Carolyn and I just wanted to let you know that we’ll be making some changes to the way we run our blog over the coming weeks. We initially started this project because we were so disturbed by the intellectual dishonesty of The Vegetarian Myth. As frustrating as it has been at times to engage with such willfully obtuse writing, we feel like we’ve done a credible job of deconstructing much of the text. Our past posts will stand as a contribution to a growing knowledge base compiled by those who are skeptical of the ecological sustainability and ethical legitimacy of paleo-diets.
Food politics are more of a national conversation than ever now and that is a good thing. Even if they’re not sure what the answer should be, more and more people are trying to shake off the nightmare of agribusiness cartels, monocrops and CAFOs that have typified the last century’s food production systems. As radical vegans, we feel compelled to take part in this conversation on how to transition away from a manifestly unsustainable system. Specifically, we want the world to understand that there is no such thing as an “ethical” mode of food production that depends on the systematic murder, reproductive and sexual domination, castration and confinement of nonhuman animals.
Naturally, the marketing agencies employed by those aforementioned agribusinesses want to have their say as well. With budgets in the millions, you can bet that their voices will be heard. Major corporations seeking to appear ahead of the curve are aggressively selling us images of “happy” meat and dairy and, with them, a lower threshold of guilt. Carolyn and I have been at turns disturbed and disheartened by recent trends in what seems to be an anti-movement of reactionary ex-vegans and vegetarians. What made Lierre Keith’s book infuriating enough for us to dedicate so many hours of our lives to its deconstruction is that (presumably) she’s not on the take from corporate marketers! Rather, she purports to come from within our own movement: a self-described ecofeminist who nevertheless believes that other creatures actually appreciate her desire to violate their bodies owing to a connection she projects upon them.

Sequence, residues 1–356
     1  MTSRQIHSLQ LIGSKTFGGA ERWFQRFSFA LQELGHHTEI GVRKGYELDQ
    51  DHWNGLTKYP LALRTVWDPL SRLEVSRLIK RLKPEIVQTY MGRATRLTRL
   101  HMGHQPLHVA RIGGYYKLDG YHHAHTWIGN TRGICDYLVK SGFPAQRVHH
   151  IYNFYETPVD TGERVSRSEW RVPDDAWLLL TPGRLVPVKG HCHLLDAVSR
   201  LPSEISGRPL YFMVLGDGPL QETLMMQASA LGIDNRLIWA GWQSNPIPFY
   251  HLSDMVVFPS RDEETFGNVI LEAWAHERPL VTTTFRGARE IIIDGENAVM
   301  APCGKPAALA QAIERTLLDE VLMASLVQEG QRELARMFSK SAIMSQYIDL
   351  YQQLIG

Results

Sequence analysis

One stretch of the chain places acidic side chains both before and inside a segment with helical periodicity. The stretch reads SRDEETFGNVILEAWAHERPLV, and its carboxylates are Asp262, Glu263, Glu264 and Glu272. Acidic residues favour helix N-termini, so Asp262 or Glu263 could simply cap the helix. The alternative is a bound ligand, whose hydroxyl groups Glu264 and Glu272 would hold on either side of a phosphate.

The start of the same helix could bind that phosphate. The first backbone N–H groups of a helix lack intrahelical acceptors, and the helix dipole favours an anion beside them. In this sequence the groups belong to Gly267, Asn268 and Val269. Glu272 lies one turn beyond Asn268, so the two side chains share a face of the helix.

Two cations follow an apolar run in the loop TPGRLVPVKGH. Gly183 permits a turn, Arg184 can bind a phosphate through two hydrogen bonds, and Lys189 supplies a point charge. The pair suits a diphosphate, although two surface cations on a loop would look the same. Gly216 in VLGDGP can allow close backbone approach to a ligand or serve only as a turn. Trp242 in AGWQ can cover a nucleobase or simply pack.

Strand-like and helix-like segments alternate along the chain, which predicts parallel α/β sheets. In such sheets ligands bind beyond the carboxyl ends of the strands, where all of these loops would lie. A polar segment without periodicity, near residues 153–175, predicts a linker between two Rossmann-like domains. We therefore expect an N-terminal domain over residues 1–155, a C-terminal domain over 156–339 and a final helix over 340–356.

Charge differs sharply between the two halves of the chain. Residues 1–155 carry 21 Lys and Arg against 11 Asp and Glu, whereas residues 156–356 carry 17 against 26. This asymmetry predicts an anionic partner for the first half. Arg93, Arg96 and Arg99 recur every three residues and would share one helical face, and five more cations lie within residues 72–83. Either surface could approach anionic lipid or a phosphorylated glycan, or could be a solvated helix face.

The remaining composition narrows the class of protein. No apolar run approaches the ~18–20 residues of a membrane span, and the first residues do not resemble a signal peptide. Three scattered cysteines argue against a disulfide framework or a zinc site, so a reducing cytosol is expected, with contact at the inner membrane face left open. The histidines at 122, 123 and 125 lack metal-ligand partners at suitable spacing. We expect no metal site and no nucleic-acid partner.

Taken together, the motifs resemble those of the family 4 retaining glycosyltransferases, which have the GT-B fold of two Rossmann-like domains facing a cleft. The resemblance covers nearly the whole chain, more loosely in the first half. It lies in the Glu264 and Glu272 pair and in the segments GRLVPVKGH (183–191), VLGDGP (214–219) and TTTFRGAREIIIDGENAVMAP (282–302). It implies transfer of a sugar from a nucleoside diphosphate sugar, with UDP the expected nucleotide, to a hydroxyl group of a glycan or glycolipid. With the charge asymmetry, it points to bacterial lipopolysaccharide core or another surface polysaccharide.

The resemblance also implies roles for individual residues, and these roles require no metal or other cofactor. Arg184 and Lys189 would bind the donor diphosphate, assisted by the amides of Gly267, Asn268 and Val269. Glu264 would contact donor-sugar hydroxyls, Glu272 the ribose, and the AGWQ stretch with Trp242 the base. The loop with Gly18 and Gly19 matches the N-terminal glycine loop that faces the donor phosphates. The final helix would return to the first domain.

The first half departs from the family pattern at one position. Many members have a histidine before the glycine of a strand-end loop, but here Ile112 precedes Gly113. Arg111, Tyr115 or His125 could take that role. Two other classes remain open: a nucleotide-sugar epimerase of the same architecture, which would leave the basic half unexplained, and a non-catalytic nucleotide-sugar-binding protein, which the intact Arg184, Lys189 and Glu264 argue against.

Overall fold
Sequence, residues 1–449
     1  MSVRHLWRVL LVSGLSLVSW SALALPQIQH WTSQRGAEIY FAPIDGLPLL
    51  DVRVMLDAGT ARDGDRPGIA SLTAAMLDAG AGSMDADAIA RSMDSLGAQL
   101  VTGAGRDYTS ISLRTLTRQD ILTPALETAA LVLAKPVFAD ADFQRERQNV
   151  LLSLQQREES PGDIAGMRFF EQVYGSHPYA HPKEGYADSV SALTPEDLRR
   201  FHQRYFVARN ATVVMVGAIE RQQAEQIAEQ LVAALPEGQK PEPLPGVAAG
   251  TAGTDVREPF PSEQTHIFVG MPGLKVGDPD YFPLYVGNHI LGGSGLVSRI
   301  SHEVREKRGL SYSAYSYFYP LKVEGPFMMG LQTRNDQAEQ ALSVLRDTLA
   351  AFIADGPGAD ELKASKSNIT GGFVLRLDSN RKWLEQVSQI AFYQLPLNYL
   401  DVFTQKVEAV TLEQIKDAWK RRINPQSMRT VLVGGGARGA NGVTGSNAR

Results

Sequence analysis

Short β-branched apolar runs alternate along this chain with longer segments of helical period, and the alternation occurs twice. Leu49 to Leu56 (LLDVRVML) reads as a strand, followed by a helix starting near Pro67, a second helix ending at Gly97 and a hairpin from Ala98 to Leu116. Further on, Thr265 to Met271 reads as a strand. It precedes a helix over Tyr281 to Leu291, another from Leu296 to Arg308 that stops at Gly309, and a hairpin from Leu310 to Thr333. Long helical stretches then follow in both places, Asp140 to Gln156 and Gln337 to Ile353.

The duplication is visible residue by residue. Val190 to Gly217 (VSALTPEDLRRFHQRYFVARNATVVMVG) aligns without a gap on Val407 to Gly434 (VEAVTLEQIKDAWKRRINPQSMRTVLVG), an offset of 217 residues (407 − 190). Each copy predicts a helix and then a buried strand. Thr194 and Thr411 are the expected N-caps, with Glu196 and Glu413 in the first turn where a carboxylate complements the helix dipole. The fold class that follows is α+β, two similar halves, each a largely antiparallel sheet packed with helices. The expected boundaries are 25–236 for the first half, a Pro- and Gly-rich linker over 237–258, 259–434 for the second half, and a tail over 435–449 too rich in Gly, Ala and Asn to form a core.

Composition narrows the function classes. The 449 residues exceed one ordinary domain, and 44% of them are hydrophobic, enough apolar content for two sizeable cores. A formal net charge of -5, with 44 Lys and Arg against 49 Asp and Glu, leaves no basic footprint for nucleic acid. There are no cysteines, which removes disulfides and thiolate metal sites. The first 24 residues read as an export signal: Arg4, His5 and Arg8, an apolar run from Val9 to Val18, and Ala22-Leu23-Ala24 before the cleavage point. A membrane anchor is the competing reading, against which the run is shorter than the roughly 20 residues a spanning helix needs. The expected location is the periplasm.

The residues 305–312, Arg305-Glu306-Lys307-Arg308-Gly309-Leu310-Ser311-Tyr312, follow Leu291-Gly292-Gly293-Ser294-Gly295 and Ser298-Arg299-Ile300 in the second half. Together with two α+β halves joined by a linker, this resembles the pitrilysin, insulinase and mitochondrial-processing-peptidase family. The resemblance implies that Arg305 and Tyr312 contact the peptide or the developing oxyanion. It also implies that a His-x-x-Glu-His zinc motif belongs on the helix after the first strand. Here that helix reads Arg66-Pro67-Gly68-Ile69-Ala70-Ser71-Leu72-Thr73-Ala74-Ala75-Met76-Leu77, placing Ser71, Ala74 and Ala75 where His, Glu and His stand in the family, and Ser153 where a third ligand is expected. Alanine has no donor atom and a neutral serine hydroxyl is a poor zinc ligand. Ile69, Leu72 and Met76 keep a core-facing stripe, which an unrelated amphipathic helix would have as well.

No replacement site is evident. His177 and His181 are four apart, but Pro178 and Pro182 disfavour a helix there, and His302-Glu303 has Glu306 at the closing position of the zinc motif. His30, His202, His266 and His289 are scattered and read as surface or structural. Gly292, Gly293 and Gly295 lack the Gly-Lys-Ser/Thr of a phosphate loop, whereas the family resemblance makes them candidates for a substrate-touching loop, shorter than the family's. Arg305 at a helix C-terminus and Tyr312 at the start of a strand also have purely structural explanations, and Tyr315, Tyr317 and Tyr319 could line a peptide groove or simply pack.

But at the end of the day, though we feel the need to debunk her neurotic and manipulative narrative, we don’t find her personal contribution to food politics all that noteworthy. There comes a point with projects like this at which you either have to change topics or write a book. The Vegetarian Myth does not merit a rejoinder on that level.
What follows from here is going to be our contribution to the ongoing discussion of what our food should be, where it should come from and how it should get to us. We will be lending context to the status quo account of current affairs with the hope of enlivening our readers’ understandings of the ongoing relevance of radical veganism. We’ll be making connections between animal liberation, anti-capitalism, human rights, feminism, and other modes. We’ll be continuing to expand upon the conversation about ecology, agriculture, veganism, and carnism– especially carnism that’s wrapped in radical language. We will also be soliciting essays and articles from outside contributors on their own personal stories of ethical living and ecological wisdom. And if Lierre Keith says anything that’s just too dumb to pass up, we’ll probably comment on it.
Check back here soon for new content.
Carolyn and Alex